The New Yorker
Is this a tacit admission that despite all the whistling past the graveyard that many Democrats are doing by "guaranteeing" they’ll win in November, the White House expects a GOP majority in at least one chamber of Congress?
If they’re not smoking the same thing as Joe Biden, then yes, it is.
What would that agenda look like?
They are talking about a new, more incremental approach, championed by former Chief of Staff Rahm Emanuel, to fulfilling campaign promises on energy, immigration and on closing the military prison at Guantanamo Bay. The new White House chief of staff, Pete Rouse, is far more steeped than Mr. Emanuel in the culture of the Senate, where comprehensive approaches to some of these issues have fared poorly. White House officials hope Mr. Rouse’s expertise will help navigate smaller measures through the chamber.
"We weren’t able to do a lot of those other things even with this Congress. That obviously calls for a new approach," one White House official said.
Ya think? If indeed the GOP is able to take the House and narrow the majority in the Senate, they’ll run into a new obstacle – the GOP legislative agenda. And most expect that agenda to butt heads on everyone of the issues outlined above as priorities for the administration.
Energy will most likely be limited by Republicans and climate change will probably not be a part of any such legislation. As Ryan Lizza points out in The New Yorker, Obama and the Democrats stood on the dock and watched that ship sail a while ago. And most believe it hit an iceberg and sunk, never to be seen again or until the next all Democratic Congress and administration manage to get themselves elected to office – which ever comes first.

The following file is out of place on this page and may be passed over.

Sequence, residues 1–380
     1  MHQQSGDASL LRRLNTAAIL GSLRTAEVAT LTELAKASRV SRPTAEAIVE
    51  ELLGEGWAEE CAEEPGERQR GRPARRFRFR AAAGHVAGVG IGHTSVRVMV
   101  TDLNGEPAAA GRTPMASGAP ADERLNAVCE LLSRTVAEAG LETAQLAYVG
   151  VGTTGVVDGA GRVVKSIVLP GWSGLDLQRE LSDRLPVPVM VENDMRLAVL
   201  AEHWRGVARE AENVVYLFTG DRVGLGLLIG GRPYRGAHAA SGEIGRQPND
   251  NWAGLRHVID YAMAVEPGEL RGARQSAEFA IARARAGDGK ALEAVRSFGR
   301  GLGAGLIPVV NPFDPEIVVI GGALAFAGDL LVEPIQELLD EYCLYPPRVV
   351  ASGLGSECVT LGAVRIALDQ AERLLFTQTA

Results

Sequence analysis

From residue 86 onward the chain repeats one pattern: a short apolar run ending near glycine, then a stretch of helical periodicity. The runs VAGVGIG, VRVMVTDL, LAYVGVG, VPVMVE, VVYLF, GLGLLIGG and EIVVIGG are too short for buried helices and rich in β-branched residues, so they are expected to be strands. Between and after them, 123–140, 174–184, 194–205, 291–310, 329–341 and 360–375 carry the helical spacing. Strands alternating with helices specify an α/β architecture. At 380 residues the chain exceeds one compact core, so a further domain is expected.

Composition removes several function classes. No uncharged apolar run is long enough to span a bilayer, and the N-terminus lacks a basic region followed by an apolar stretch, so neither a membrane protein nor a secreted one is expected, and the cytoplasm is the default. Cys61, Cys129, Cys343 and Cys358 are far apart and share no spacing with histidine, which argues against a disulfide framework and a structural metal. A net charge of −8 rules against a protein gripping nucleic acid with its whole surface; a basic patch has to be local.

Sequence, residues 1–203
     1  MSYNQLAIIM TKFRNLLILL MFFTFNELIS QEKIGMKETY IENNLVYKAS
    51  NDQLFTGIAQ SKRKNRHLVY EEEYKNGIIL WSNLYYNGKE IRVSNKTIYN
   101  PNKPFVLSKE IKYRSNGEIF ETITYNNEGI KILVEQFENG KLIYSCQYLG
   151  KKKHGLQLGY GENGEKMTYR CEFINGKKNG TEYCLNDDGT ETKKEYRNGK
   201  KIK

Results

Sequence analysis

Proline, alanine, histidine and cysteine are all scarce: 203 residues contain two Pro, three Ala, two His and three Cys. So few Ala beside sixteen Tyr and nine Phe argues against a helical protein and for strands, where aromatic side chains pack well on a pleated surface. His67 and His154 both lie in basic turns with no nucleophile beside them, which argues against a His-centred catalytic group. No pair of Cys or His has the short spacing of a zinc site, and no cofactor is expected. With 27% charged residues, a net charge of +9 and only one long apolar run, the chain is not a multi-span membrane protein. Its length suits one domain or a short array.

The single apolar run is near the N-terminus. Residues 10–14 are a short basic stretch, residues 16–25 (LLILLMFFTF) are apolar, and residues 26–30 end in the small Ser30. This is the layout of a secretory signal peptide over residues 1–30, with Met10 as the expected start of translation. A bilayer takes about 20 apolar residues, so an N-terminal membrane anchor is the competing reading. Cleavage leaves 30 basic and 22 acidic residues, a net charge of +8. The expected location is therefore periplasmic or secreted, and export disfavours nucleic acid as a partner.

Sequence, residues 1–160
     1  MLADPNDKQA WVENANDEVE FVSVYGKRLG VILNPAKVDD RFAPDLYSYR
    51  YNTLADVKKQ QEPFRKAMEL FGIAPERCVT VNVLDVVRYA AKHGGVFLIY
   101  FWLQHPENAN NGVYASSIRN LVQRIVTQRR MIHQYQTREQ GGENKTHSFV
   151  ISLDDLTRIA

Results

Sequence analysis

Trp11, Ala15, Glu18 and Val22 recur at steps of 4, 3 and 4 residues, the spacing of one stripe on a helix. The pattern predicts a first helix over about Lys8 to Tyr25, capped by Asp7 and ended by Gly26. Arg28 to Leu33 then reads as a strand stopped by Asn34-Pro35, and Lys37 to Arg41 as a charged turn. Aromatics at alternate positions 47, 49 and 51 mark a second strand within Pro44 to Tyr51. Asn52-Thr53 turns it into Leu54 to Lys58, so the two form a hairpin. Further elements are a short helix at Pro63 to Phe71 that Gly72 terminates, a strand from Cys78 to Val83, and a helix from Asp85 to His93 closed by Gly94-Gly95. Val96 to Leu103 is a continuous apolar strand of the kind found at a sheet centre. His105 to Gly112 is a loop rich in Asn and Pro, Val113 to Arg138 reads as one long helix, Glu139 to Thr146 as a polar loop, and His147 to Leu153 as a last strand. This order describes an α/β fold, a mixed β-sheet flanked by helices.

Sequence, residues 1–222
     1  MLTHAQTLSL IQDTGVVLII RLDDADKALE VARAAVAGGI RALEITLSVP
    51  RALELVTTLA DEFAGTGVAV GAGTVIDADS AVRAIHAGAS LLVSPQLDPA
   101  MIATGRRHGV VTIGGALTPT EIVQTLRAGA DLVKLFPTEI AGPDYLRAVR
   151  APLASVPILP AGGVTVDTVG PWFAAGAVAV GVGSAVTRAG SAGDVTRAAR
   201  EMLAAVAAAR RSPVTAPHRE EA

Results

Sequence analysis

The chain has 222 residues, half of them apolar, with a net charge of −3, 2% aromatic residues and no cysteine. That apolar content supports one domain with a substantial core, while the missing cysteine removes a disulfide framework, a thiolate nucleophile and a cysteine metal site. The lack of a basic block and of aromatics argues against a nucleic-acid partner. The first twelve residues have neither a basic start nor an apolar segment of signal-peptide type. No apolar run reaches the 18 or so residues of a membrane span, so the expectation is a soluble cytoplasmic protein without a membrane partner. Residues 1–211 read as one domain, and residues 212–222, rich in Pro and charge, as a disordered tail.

Immigration will also most likely not see a comprehensive plan offered. Instead, whatever the administration wants will run smack dab into the “secure the border first” demand from the GOP.
Same with GITMO – the GOP and many Democrats are not going to be happy or comfortable moving terrorists into the homeland from Cuba.
Then there’s the real priorities that one hopes the GOP will focus on instead:
Retiring Rep. David Obey (D., Wis.), the longtime chairman of the House Appropriations Committee, said nothing would get done on immigration and climate change until the economy has fully recovered, and that the incoming class of Republicans would be in no mood to compromise on economic measures.
And that’s precisely the way it should be – in fact, must be, considering that lack of focus on what concerns the people out there in fly over land as reflected in town hall meetings and Tea Party protests says "it’s the economy stupid". The GOP had better heed the point and act.
The underlying question of interest is what Obama will we see when and if the GOP have a majority in the House? Will he be more conciliatory, drop the anti-GOP rhetoric and be prepared to try to work with Republicans? Or will he turn harder to the left, whine about obstructionism and use his bully pulpit to further demonize the opposition in hopes of garnering enough sympathy votes to squeak him through the 2012 election?
At the moment I’m inclined toward believing the latter is much more the real Obama.
Anyway, it appears reality is beginning to settle in a bit now. I’m sure Joe Biden is exempted from that since he’s rarely seen reality much less recognize it. But this announcement seems to point to some understanding that the window is almost closed to the grand, costly and socialistic programs that the liberal side of the spectrum holds so dear.
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